|Trillium recurvatum in open flower|
Trillium recurvatum, the bloody butcher or prairie trillium, is a spring wildflower in the Melanthiaceae family. It is native to parts of the central and eastern United States, where it is found from Iowa south to Texas and east to North Carolina and Pennsylvania. It natural habitat is mesic forests and savannas, often in calcareous soil.
Its flower has three brown to maroon petals that are typically under 3 centimetres (1.2 in) long. The petals are recurved, with tips converging over the stamens. The fruit has 6 well developed ridges (see photo). The seeds include structures known as elaiosomes, to promote dispersal by ants and other foraging insects.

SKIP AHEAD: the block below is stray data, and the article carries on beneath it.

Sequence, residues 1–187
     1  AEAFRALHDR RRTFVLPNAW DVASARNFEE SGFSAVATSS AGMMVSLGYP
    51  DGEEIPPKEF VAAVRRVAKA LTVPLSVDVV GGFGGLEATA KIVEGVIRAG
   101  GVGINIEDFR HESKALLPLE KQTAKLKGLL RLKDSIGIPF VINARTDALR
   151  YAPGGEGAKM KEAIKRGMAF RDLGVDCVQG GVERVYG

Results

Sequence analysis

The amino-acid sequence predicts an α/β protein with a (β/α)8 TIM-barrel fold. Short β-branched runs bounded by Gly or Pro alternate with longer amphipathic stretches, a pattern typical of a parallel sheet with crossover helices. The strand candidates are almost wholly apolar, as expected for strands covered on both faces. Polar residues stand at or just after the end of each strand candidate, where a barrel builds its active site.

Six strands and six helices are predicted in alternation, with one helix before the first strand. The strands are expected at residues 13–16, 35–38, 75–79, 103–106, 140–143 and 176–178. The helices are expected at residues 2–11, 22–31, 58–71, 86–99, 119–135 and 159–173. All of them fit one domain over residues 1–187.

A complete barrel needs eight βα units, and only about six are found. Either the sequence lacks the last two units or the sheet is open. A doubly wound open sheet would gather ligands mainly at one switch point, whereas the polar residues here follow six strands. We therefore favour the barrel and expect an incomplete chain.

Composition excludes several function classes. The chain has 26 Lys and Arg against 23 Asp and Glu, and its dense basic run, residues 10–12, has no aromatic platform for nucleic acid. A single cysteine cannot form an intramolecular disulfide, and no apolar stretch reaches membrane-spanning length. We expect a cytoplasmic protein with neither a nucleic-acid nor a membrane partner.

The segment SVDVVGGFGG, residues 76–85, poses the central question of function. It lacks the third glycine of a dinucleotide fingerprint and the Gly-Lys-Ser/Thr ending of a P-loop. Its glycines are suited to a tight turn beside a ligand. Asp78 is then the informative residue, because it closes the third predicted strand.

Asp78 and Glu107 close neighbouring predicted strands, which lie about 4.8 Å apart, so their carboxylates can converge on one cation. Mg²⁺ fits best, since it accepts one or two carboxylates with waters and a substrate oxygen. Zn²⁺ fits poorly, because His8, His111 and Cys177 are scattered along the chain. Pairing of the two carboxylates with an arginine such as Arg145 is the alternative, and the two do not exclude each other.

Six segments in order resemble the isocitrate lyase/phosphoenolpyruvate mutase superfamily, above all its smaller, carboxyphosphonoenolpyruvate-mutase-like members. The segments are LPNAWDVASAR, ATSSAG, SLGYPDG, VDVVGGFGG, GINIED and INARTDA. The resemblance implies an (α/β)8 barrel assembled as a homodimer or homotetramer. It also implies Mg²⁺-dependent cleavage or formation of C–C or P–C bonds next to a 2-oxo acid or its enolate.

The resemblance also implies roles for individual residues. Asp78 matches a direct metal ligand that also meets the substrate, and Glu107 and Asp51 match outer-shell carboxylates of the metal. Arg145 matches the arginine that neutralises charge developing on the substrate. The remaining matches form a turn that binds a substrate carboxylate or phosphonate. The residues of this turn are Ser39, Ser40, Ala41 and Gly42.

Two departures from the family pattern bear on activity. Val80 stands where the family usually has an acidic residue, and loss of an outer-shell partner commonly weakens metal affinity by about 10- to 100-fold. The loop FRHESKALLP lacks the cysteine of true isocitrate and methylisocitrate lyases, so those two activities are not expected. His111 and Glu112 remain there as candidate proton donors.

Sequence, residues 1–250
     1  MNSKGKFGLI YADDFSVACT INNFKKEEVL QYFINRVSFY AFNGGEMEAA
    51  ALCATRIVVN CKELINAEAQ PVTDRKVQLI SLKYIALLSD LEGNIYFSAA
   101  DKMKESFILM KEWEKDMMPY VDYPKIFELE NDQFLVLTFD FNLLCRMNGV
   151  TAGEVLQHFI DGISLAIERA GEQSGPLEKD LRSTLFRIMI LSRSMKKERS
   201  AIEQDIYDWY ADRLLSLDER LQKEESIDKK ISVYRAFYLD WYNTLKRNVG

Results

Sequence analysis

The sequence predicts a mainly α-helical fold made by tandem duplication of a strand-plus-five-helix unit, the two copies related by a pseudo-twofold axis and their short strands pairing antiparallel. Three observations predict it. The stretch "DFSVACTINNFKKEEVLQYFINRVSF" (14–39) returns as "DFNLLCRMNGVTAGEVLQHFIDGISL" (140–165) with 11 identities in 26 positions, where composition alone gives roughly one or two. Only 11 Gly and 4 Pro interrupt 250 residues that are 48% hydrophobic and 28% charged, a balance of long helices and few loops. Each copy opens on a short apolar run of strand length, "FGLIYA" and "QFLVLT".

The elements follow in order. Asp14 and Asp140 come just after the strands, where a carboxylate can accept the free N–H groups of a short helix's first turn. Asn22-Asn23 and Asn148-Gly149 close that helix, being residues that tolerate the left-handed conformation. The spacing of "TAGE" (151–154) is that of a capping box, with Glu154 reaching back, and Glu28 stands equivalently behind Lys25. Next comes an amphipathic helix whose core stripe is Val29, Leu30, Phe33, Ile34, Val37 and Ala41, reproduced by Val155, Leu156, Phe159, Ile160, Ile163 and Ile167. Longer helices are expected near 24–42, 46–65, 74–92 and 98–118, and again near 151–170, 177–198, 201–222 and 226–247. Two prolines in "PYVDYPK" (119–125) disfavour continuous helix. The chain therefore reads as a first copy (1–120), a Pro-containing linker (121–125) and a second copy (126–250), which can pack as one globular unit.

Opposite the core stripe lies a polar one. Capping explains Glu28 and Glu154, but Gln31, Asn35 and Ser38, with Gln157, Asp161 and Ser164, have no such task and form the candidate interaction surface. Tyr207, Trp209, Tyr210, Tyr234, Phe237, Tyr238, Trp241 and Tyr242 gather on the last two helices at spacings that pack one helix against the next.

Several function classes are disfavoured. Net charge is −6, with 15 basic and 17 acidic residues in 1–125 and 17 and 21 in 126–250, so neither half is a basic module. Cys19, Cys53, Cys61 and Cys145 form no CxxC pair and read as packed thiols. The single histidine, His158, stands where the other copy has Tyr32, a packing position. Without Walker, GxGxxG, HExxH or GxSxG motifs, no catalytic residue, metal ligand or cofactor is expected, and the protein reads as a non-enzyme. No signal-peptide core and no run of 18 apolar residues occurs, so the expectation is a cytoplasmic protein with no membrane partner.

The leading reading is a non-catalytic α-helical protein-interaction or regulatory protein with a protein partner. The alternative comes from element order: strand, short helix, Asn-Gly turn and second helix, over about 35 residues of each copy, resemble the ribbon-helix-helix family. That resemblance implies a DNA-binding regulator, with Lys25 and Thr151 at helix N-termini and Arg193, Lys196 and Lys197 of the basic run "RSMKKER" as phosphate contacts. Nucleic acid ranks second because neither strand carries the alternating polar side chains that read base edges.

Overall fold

Trillium recurvatum is common throughout much of its range. It is not considered to be globally threatened, and its status is considered secure. However, it is monitored by conservation agencies in several states at the edge of its range, where it becomes rare. For example, in Wisconsin it is considered rare or uncommon (S3) and therefore a species of special concern. In Michigan, it is considered a state threatened species and is protected by law (S2S3).
|Wikimedia Commons has media related to Trillium recurvatum.|
- "Trillium recurvatum". NatureServe Explorer. NatureServe. Retrieved June 28, 2009.
- Kew World Checklist of Seelcted Plant Families
- "Trillium recurvatum". Natural Resources Conservation Service PLANTS Database. USDA. Retrieved 15 December 2015.
- Trillium recurvatum web page from Vanderbilt Bioimages
- "Flora of the Southern and Mid-Atlantic States".
- Prairie Trillium, web page from Illinois Wildflowers
- Dan Tenaglia, Trillium Recurvatum web page from Missouri Plants
- Reflexed Trillium (Trillium revurvatum), Endangered Resources Program Species Information, Wisconsin Department of Natural Resources.[dead link]
- Trillium Recurvatum, Michigan Natural Features Inventory, Lansing. (PDF)